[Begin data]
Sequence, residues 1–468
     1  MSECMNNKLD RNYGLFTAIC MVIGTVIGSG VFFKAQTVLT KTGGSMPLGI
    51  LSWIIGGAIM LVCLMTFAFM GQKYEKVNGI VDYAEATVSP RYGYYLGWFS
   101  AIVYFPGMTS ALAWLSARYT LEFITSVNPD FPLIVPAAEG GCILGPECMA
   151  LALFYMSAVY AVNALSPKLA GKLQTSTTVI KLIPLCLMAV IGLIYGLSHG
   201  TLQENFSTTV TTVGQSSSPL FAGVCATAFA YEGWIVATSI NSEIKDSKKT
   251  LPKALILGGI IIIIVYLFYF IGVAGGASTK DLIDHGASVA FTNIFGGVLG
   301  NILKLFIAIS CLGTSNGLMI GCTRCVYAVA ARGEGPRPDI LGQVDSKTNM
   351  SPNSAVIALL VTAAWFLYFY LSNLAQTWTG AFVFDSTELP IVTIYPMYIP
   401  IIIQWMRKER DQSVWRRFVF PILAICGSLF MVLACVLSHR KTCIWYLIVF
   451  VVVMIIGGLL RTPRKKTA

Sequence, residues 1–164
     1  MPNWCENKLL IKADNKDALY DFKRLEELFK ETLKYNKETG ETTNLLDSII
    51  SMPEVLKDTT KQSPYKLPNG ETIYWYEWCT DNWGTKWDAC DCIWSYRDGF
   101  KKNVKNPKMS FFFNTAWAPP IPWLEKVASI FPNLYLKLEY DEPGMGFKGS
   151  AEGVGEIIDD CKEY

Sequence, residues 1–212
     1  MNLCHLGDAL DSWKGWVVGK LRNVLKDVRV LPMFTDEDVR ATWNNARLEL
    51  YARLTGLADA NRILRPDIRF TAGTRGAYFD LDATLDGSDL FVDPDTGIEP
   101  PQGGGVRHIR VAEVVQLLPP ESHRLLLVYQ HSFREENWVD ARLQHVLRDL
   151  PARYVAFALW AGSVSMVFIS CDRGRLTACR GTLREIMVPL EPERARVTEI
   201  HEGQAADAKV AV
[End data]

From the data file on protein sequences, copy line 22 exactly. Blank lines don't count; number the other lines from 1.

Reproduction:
   201  HEGQAADAKV AV